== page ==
We've all had those days - your boss is in a horrible mood for no apparent reason, you walked to work in the rain, oh, or your make up decides to disappear between your home and the office.
Whatever the reason, we understand your pain. Having a bad day is the worst. But there are sure and impenetrable ways to lighten your mood. Maybe you have a failsafe way to get a smile on your face - a swipe to your favorite kitten-obsessed Instagram page, or a white chocolate Hersheys bar.
If perchance you are a person who really struggles to out of that funk, who sulks all day, we're here with ten remedies that might turn your day around, most of which can be done from your desk.
1. Inject 80's music into ears
If the company allows, pop those earphones in and what I'd personally recommend, is a little 80's disco. There is nothing better than Chic or Earth, Wind and Fire when you're pissed off. Why? Because instead of the buzz of the office or the slur of your agitating overlords, there's a whole lot of crazy fun going on in your head and there's nobody that can get in on that action. You've likely danced more than a few nights away to these songs, so relish in those memories and go back to work a happier you.
2. Google anything Tina Fey or Amy Poehler have ever said
We are positively obsessed with these ladies, because they have the ability to make us laugh every.single.time either decides to open her mouth. If there's a strict no-youtube policy on the office floor (we've heard tell such workday laws), they are quoted on innumerable websites that could be passed for research or stat-seeking. Go forth with confidence and a dose of hilarity.
Tina Fey in The Office
3. Apply some red lipstick
Red lipstick was invented to embolden women; to rouge a boring lip; to raise spirits. There is nothing better than that feeling: the one you experience after you've put your first layer on, because you look so good. It hasn't smudged yet, you can't see that snagged streak of red on your tooth, and you feel positively fabulous. We would recommend anything from Mac's Russian Red to Chanel's Coromandel. Because, honestly, how can you remain sullen? Red lips are made for smiling.
4. Scroll J.K Rowling's Twitter feed
Ah, your childhood, remember it? This woman certainly does, she provided a whole lump of what you remember of it: midnight queues for book releases, twilight showings of new movies. And she most certainly hasn't lost her charm, or her way with words. Her Twitter feed is a goldmine of sarcasm, humor, fantasy, and the occasional political rant. And, 12.3 million people seem to agree.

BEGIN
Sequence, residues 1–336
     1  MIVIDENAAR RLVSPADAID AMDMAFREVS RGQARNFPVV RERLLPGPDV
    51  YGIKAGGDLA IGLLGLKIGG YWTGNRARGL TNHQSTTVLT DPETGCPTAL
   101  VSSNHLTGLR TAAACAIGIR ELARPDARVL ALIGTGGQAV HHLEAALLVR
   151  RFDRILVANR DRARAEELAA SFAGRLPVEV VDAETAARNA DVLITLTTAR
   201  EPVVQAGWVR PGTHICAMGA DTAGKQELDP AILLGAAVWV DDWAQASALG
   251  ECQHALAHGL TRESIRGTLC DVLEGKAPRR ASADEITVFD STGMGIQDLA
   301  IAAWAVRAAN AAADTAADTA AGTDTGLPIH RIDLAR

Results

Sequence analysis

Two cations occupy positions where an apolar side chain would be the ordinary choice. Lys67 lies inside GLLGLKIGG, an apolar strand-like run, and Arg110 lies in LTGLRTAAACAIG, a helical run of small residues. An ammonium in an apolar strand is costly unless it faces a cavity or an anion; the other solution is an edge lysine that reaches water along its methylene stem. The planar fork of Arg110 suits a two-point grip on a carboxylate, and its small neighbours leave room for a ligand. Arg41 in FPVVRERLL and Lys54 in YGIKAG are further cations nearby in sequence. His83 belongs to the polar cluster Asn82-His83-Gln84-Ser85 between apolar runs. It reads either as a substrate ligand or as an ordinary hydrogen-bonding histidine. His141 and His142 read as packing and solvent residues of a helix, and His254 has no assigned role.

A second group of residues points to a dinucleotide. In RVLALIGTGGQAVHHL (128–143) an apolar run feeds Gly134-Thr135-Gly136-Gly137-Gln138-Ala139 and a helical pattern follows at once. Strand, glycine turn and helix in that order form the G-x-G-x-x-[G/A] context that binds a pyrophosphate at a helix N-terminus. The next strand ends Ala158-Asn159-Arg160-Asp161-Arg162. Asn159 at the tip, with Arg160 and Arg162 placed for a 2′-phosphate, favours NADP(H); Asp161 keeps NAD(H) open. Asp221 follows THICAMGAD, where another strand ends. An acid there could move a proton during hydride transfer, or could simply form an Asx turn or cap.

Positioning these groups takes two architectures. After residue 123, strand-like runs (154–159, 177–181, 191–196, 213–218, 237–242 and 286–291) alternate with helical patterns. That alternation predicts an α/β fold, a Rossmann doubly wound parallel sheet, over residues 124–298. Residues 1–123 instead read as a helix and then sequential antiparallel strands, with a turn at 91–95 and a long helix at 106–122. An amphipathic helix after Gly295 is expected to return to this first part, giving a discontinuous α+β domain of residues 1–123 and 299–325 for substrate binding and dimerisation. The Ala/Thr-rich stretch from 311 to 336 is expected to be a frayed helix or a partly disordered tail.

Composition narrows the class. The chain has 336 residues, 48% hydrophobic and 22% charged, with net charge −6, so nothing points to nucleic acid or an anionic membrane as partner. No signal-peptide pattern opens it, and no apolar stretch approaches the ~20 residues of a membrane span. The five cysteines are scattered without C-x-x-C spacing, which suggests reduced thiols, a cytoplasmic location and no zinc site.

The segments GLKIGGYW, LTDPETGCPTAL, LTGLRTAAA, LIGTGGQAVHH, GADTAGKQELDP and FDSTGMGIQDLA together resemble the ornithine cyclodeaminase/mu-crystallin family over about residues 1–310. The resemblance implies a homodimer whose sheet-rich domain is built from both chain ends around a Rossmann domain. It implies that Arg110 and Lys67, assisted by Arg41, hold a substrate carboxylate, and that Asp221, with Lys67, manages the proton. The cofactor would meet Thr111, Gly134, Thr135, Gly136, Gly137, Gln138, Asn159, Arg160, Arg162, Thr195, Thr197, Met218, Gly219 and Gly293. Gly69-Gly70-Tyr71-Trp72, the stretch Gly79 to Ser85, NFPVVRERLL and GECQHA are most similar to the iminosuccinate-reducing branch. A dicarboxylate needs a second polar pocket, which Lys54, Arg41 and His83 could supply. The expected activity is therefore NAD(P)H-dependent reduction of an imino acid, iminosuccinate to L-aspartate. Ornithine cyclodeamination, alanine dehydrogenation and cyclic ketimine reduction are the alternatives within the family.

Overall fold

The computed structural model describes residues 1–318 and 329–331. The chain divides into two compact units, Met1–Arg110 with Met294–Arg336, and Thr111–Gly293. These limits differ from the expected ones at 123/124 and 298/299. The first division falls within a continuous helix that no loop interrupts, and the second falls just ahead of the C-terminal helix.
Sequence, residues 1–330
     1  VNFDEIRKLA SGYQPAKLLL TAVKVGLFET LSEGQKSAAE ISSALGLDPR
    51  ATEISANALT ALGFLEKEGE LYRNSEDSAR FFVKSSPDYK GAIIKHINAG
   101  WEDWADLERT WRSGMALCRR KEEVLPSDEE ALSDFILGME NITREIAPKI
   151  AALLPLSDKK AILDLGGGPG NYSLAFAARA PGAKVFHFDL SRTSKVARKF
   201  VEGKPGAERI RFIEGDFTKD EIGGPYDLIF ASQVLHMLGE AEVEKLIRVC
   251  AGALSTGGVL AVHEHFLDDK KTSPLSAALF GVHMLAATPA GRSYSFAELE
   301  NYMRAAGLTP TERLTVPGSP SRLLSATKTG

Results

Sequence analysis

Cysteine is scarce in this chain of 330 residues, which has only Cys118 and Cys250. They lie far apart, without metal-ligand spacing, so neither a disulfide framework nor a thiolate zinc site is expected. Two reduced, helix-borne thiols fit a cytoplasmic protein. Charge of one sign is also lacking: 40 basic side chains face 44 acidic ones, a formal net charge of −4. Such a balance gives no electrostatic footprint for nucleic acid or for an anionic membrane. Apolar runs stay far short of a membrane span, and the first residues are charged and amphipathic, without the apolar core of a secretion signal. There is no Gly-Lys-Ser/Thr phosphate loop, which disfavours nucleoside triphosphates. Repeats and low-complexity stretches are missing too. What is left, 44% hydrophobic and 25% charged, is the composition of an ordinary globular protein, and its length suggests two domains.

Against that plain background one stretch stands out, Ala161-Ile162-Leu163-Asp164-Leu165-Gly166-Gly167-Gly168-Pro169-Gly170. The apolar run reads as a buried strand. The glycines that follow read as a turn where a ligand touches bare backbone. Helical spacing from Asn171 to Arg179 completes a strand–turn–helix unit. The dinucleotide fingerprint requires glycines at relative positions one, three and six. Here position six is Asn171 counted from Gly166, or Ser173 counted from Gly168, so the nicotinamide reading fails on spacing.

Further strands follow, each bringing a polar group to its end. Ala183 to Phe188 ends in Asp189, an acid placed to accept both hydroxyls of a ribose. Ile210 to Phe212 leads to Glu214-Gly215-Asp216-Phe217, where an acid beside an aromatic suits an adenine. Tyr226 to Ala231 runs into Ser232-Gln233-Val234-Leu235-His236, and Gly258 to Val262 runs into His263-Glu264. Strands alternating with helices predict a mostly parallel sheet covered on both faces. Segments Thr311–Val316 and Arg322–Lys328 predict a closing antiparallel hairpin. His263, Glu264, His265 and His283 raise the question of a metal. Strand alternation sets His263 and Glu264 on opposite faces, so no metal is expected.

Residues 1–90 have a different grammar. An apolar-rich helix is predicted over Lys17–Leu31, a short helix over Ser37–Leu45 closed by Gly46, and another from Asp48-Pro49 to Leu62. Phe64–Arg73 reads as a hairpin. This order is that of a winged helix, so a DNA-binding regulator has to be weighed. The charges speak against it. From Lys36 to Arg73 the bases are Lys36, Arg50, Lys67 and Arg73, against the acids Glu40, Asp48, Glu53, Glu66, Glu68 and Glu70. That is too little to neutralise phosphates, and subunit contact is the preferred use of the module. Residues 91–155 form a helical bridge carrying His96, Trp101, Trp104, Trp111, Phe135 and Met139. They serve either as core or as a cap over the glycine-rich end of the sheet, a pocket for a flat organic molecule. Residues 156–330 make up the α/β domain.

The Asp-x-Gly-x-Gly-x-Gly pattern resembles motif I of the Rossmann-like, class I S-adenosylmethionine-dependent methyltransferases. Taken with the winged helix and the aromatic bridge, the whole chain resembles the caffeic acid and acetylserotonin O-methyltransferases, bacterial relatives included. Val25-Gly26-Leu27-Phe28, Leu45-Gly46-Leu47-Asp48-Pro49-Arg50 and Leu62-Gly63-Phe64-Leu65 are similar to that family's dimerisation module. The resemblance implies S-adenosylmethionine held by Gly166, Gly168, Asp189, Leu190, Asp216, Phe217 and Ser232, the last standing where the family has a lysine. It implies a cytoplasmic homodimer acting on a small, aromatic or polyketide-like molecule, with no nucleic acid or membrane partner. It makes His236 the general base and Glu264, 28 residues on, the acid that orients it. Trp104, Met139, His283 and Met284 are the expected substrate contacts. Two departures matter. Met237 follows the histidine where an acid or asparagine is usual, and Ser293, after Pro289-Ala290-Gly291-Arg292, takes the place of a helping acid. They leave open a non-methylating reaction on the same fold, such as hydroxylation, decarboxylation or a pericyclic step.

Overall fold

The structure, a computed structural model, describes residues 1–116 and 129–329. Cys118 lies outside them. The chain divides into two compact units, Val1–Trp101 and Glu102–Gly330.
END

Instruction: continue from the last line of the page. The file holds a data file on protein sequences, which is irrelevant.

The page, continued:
I can't say I consider myself a 'world leader' though. Maybe of worlds inside my head? In the real world I can barely lead my dog.
— J.K. Rowling (@jk_rowling) September 4, 2014
5. Add a little sweetness to your coffee order
Is it a mocha day - or a caramel macchiato afternoon? We wouldn't advise going as wild as the uber-sugary Summer '17 hit the Unicorn Frappucino, but a little peppermint syrup, whipped cream or some foamy deliciousness added to your boring old drip coffee, can sometimes be the most wonderful change you so desperately need on a bad day.
6. Take a smokeless smoke break
No ladies, we are not advocating for a cheeky workday cig. Smoking is bad, but the "smoke break" retains certain benefits, despite the nicotine. And how is your boss to know you don't smoke? Maybe you spontaneously took it up because of all the work they've been giving you lately. Notify your overlords, and get out of the office for a few minutes, walk around the block, ring your mom, make use of the age-old getaway that was institutionalized during the Mad Men era and yet under-implanted by millennial everywhere.
7. Plan a getaway
This sounds a little funny, because it is a little funny. If you're having a shitty day because of a money problem, maybe skip to number 8. If however the only thing you can think of is getting the f out of the office - this is perfect for you. Look up a day trip out of town, even if it's just a weekender. Maybe you're in need of a Caribbean cruise or some zip lining in Saint Lucia? Whatever it is, get on Kayak, look up flight sales or Groupon weekend offers and just browse. What's the harm in searching? If you find some crazy deal, even better, if not, that's OK, at least you are reminded that a break from the office craziness around you is possible.
8. Have a (controlled) but completely gratuitous Amazon Prime spree
Amazon Prime was Jeff Bezos' way of helping all women in need of a quick fix to get it via two-day shipping and a world of stuff to choose from, well at least that's how we see it. Whether it's a $20 bathing suit, the shiny new coffee maker you've wanted for eternity, or a book you've been dying to read, just buy it. It will there in two days; you didn't have to go to the store for it; and it will make your day (as well as delivery day) infinitely brighter. And get pumped for Prime Wardrobe, which will enable you to Prime Spree without the guilt. You'll be able to order as many items of clothing as your heart desires to your home, without paying a single cent. Try them on in front of your bedroom mirror, and what you don't like, send back in the same box they came, for free. Amazon, you just get us.
9. Make reservations without reservation
If you visualize a martini, a martini will come. We promise. Get Opentable or Thrillist up on your screen and choose your watering hole for the evening. Food and drink can take a terrible day into greatness - from a glum Monday to a tough Friday. Call your girlfriend, set a night in motion and spend the rest of your day happily anticipating the revels of the evening ahead. Who knows where a bad day might take you.
10. Have a lollipop
Depending on your work environment, you might want to wait until you leave the office for this one. If not, suck it loud and proud. We don't exactly know why they make us feel better, but there's something so childishly wonderful about eating a lollipop as an adult that we can't deny its mood-altering qualities. If you're feeling exuberant, grab a whole bag of Blow Pops, and get to bubble making.
Gender divisions in sports have primarily served to keep women out of what has always been believed to be a male domain. The idea of women participating alongside men has been regarded with contempt under the belief that women were made physically inferior.